Volvo stock was doing well Thursday, but it wasn’t because of a new product launch or something that the Swedish car manufacturer was building.
On the contrary — the stock was up on the news that the company was going to stop doing something.
Shares in Volvo were up 26 percent Thursday after it announced that it would no longer fund its Polestar Automotive, an electric vehicle manufacturer it had previously spun off as a separate subsidiary, according to CNBC.
MarketWatch noted that, only a month into 2024, the year was already off to a rocky start for fans of electric vehicles.
“Earlier this week, French automaker Renault said it has decided to cancel the initial public offering of its electric-car unit Ampere,” the outlet reported. “Ford, meanwhile, has slashed production of its electric F-150 Lightning, a pickup truck that has generated major buzz since its launch.
“Rental-car firm Hertz has said it was dumping about one-third of its EV rental car fleet, replacing the cars with gas-engine vehicles,” it added.
Tesla warned investors of slower growth in 2024 than previously anticipated, as The Western Journal previously reported, and both car manufacturers and retailers have become increasingly concerned about the future of the electric vehicle industry.
Polestar went public in 2022 after having been founded by Volvo in partnership with its Chinese owner, Zhejiang Geely Holding Group, commonly referred to as Geely.
MarketWatch said that Polestar had received $1 billion in loans from Volvo, which Volvo said would be due at the end of 2028, instead of mid-2026 as originally stated.
However, the bigger news was that Volvo would be focusing future investment on its own development — including what the outlet described as “Volvo’s substantial in-house effort to go electric.”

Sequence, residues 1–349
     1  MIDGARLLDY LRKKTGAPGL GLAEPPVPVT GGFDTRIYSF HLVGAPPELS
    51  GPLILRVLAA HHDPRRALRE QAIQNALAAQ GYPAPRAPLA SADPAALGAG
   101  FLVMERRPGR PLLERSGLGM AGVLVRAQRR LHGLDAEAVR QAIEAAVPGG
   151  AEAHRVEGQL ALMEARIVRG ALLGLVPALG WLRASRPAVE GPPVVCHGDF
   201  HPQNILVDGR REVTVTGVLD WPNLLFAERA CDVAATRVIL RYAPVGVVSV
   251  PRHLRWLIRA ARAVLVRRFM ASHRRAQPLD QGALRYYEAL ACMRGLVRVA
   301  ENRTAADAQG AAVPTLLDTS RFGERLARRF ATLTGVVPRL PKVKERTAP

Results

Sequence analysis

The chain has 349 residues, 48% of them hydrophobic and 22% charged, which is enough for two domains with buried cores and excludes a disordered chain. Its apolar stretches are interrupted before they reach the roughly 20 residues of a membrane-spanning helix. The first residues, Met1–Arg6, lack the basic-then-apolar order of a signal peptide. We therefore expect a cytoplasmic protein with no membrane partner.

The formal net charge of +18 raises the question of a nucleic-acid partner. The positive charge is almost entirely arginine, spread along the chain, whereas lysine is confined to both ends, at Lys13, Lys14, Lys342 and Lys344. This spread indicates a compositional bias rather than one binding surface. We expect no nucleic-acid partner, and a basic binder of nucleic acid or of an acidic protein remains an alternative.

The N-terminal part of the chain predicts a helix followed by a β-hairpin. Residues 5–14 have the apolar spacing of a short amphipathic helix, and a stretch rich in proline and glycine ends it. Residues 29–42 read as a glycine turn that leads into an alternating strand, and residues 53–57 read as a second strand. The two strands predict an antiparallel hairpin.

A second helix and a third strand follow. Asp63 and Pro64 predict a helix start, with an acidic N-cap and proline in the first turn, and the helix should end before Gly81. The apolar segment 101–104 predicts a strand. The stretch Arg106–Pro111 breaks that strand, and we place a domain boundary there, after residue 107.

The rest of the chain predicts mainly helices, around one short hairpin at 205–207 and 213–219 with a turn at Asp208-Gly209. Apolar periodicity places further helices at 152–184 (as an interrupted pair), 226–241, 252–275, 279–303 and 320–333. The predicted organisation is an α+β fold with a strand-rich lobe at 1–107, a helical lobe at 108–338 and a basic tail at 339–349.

Volvo may also divest itself of its shares in Polestar, which amounts to about 44 percent of the company, according to CNBC, and is considering handing its shares to Volvo’s shareholders.
“This may result in Geely Sweden Holdings becoming a significant new shareholder,” the company told MarketWatch.
“Obviously, we spun out Polestar as a separate company a long time ago, and since then we’ve been incubating and working with Polestar for a number of years,” Volvo Cars CEO Jim Rowan told CNBC’s Silvia Amaro on Thursday.
The company has “struggled since going public” 20 months ago, the outlet noted, but Rowan predicted a bright future for Polestar even as his company would not longer support it.
“Now, Polestar … they’ve have got a very exciting future ahead of them, they’ve moved from being a one-car company to a three-car company, they’ve got two brand-new cars coming out very shortly, in fact in the first half of this year, and that’s going to take them to a new growth trajectory,” he told CNBC.
Unsurprisingly, Polestar’s CEO expressed very similar sentiments.
“With our growing line-up of exclusive, performance cars, Polestar is in one of the most promising phases of its development,” CEO Thomas Ingenland said.
This article appeared originally on The Western Journal.